Turkey: 2 people rescued 13 days after quake

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Turkey : 2  people rescued 13 days after earthquake

With more than 43,000 dead, it is the deadliest natural disaster in the region for centuries.

Thirteen days after the earthquake that struck Turkey and Syria, 2 survivors were extracted rubble on Saturday. (File photo)

Two people were rescued on Saturday after being pulled from the rubble of a collapsed building in Hatay, southern Turkey, 13 days after an earthquake hit the area.

This is the deadliest natural disaster in the region in centuries.

Throughout the week, Turkish rescue teams have found survivors who had long been trapped under the rubble in freezing temperatures.

But the number of these survivors has dwindled to a few in recent days.

A few days ago in Turkey, a teenage girl was pulled out of the ruins more than 182 hours after the earthquake. (File photo)

One ​​of those killed is Ghanaian soccer player Christian Atsu, whose body was found under a collapsed building in the city of x27;Antakya.

Sportsman Christian Atsu died in a building collapse in Turkey. (File photo)

His death was confirmed by Murat Uzunmehmet, his agent in Turkey, quoted by the Turkish private agency DHA, ending almost two weeks of concern and research for the relatives of the 31-year-old soccer player .

The Anadolu State News Agency released footage of the rescue of the survivors found on Saturday.

On It sees a man and a woman on stretchers after spending 296 hours trapped in rubble in Antakya, as well as a child who died minutes after efforts to save him, according to the agency. /p>

Turkish Health Minister Fahrettin Koca released a video of the 40-year-old woman in a field hospital while receiving treatment.

She is aware, he tweeted.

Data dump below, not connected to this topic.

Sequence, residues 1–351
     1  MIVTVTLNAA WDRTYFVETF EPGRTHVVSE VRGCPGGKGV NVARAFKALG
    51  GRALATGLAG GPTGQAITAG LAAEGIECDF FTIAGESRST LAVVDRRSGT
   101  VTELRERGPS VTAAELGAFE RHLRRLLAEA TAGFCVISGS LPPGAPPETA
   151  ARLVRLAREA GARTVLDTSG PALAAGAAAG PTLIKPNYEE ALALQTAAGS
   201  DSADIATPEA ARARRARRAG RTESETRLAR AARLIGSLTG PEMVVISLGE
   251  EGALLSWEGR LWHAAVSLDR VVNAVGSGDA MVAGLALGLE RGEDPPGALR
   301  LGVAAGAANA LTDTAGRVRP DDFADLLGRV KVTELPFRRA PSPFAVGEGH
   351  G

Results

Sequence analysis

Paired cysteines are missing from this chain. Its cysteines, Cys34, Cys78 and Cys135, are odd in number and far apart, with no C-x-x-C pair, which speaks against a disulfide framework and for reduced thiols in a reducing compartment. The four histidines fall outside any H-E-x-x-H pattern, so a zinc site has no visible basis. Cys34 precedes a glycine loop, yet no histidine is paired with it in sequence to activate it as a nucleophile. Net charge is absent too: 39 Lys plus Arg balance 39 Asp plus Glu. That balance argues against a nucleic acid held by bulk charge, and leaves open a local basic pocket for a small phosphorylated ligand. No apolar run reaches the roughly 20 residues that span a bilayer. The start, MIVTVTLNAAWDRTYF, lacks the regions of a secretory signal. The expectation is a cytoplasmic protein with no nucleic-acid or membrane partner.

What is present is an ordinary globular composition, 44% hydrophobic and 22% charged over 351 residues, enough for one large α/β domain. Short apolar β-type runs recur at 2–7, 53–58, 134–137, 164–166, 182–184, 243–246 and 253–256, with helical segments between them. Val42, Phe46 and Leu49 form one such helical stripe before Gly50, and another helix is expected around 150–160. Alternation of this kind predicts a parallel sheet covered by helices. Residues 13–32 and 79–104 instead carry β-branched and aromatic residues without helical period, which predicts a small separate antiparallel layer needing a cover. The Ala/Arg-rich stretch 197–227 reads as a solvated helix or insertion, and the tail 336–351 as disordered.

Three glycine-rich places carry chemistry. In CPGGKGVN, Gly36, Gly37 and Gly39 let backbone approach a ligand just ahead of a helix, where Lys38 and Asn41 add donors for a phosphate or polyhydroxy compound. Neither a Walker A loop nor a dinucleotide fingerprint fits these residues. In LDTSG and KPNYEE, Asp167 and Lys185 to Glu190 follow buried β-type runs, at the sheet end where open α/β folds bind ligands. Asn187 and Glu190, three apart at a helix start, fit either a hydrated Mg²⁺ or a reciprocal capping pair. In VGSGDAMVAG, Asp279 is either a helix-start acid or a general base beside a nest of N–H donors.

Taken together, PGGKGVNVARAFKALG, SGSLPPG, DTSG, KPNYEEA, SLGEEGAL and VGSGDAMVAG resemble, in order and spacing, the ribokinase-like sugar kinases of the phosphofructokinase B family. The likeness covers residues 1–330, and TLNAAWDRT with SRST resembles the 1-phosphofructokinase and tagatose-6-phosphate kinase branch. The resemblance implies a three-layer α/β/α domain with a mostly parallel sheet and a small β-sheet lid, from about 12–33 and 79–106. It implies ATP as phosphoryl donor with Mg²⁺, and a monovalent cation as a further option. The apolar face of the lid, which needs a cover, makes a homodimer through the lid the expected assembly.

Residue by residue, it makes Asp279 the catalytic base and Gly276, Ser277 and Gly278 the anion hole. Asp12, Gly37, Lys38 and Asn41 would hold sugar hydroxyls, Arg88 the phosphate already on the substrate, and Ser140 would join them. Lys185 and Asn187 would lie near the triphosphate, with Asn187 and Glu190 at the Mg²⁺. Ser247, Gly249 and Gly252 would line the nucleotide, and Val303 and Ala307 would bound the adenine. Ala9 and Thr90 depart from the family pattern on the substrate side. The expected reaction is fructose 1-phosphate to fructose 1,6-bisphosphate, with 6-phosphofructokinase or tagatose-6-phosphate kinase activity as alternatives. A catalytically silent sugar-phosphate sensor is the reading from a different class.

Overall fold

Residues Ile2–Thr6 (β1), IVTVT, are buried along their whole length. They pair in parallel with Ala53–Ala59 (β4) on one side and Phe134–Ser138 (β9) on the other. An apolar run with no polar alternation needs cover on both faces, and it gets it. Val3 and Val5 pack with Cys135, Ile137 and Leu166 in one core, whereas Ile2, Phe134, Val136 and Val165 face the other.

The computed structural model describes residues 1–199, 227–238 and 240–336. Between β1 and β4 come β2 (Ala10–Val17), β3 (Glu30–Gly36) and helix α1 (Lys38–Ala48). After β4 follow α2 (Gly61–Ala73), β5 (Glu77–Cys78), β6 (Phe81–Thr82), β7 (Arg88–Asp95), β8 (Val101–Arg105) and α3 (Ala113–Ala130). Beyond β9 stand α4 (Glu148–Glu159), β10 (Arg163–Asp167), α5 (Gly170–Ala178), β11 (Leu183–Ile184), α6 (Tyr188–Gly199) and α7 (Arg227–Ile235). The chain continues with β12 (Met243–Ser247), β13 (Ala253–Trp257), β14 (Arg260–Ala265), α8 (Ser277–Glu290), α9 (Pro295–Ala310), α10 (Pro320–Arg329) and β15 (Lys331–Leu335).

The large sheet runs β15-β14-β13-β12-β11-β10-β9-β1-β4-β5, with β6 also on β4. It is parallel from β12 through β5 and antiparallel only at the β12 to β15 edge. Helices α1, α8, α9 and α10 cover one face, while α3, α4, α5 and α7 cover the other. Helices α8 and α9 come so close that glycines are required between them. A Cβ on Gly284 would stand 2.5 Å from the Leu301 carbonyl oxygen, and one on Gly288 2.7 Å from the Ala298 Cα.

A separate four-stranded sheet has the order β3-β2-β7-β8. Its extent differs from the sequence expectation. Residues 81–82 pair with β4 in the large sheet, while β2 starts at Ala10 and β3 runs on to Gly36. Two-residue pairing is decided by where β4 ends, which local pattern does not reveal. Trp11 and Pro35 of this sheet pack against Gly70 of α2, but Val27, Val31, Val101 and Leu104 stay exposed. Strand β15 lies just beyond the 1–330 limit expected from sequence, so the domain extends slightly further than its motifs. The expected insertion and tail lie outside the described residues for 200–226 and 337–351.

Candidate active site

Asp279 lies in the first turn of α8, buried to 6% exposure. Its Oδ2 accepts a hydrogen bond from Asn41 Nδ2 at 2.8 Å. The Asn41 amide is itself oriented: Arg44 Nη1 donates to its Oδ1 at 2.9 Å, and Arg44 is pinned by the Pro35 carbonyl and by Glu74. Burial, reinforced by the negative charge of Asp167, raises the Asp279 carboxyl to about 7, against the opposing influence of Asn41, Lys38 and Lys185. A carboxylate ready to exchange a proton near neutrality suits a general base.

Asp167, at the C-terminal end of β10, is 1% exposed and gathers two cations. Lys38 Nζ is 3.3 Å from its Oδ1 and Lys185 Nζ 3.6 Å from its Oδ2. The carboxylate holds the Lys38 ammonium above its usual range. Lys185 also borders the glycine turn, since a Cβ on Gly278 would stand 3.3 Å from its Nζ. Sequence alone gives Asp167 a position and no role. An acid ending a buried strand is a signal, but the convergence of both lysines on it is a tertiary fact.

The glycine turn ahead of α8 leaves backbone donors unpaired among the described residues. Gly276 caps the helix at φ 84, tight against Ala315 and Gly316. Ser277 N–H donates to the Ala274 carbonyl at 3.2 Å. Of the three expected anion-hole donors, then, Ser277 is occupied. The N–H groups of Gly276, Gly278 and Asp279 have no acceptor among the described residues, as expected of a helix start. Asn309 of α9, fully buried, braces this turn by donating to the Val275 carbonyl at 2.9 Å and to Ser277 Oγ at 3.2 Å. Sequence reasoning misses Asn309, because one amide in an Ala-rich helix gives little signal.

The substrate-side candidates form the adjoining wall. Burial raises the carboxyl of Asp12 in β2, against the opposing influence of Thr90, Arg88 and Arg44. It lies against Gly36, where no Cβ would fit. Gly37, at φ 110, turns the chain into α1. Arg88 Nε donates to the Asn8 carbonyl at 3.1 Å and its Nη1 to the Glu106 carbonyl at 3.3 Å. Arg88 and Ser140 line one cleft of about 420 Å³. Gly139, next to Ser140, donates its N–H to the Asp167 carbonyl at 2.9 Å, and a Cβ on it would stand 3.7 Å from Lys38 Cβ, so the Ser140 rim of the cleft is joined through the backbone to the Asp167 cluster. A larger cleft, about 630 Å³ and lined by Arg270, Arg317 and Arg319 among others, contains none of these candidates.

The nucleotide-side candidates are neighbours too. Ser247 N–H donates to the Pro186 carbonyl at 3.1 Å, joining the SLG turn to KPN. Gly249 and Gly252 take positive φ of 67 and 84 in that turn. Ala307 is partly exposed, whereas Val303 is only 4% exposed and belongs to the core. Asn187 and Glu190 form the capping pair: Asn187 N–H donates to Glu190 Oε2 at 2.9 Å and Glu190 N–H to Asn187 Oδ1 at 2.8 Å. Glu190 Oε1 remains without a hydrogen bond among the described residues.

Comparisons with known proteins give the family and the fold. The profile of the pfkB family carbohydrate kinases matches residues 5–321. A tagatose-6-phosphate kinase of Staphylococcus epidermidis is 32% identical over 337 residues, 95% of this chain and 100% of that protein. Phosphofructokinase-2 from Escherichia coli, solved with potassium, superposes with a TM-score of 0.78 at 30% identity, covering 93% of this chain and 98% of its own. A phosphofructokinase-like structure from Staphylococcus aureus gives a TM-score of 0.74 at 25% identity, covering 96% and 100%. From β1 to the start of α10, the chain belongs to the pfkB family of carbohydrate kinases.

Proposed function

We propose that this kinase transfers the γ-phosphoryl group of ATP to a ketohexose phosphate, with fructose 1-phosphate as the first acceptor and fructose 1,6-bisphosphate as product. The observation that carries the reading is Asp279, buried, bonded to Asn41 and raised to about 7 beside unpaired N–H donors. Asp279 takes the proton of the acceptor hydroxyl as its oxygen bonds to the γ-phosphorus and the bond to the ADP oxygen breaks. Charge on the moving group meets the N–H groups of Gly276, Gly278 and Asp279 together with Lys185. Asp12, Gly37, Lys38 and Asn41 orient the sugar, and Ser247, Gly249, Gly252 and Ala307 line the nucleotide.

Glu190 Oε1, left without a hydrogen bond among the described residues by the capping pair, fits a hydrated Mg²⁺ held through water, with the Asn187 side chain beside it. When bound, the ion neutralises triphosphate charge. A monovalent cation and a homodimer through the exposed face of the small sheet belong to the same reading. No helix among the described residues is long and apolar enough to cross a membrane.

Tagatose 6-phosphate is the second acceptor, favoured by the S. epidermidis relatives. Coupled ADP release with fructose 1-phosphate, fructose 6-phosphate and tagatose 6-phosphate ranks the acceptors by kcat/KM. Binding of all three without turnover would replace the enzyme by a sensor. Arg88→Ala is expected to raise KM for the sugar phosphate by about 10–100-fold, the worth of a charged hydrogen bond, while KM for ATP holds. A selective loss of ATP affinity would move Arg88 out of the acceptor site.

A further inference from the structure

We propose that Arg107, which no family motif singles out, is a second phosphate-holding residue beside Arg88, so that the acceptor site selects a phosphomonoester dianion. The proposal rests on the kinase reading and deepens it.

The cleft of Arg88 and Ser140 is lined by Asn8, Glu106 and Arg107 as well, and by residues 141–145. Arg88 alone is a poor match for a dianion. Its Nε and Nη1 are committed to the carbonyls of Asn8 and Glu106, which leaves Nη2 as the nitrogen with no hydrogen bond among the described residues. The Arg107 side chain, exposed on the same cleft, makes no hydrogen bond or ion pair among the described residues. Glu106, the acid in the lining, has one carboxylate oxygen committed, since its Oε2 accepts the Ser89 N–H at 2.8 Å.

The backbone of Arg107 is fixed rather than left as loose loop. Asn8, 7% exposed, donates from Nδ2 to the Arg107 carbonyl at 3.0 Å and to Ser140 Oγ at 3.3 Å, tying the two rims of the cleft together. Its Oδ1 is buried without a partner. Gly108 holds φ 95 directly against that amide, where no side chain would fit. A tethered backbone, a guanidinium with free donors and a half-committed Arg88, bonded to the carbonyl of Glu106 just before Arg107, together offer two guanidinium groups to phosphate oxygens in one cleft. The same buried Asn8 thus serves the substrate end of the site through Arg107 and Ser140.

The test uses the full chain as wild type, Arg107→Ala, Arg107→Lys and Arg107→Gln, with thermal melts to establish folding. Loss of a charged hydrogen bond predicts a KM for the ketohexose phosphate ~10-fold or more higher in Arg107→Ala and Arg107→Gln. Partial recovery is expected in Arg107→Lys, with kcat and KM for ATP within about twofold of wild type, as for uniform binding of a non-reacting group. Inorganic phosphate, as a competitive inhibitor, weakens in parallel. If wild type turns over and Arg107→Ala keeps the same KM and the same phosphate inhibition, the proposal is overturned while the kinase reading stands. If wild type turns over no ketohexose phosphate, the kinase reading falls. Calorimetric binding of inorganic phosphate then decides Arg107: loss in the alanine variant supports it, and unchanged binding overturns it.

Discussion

The death toll from the earthquake in Turkey and Syria now exceeds 45,000 and international aid is being organised. Canada has told Turkey that it is prepared to airlift humanitarian supplies. Meanwhile, the rescuers continue their excavations in the rubble and still manage to get out of the survivors. A report by Kim Vermette.

A 45-year-old man was extracted from the rubble on Friday, several hours after three other survivors, including a 14-year-old boy, were still alive under the rubble .

The enthusiastic reactions of witnesses after each rescue have subsided in recent days.

On Friday, Turkish Vice President Fuat Oktay said rescue efforts continued at some 200 sites as teams raced against time to find more survivors.

The earthquake also caused damage in Syria, where more than 3,600 people died. Our photo was taken in Aleppo. (File photo)

The earthquake, which occurred in one of the most active seismic zones in the world, hit populated areas where construction was not ;were unable to withstand such powerful jolts.

Officials and doctors said 39,672 people died in Turkey and 3,688 in Syria in the disaster, bringing the confirmed total to 43,360 killed.

Drama submits president Turkey, Recep Tayyip Erdogan, under great pressure due to slow rescues and construction deficiencies.

Turkish President Recep Tayyip Erdogan is facing criticism over the slow pace of relief. In January 2020, another earthquake occurred in the country, injuring a thousand people. (File photo)

In 1999, following an earthquake that killed more than 17,000 people in northwestern Turkey, the authorities had promised that building regulations would be tightened.

The building where soccer player Atsu died, a 12-story luxury building, was built in 2013 when Turkey adopted stricter building standards.

The Turkish police have since arrested the building contractor as he attempted to flee the country, Anadolu reported last week.

Police have also arrested dozens contractors as government vows to crack down on lax building standards.

More than 84,000 buildings have collapsed, are in urgent need of demolition or were badly damaged in the quake, Turkey's Environment Minister Murat Kurum said on Friday.

One ​​of the hard-hit areas is Antakya, an ancient crossroads of civilizations.

Optician Cuneyt Eroglu, 45, sifts through the rubble of his eyewear store Kubat. The city has suffered several earthquakes – nearly one every 100 years – and is no stranger to rebuilding.

We will clean up and continue to live here, he said amid his crooked mounts.

The street past his shop has yet to be cleared of rubble and structures folded metal.

M. Eroglu, whose family escaped the earthquake, now lives in a tent in a village outside Antakya. It would not be fair to leave Antakya, he assured.

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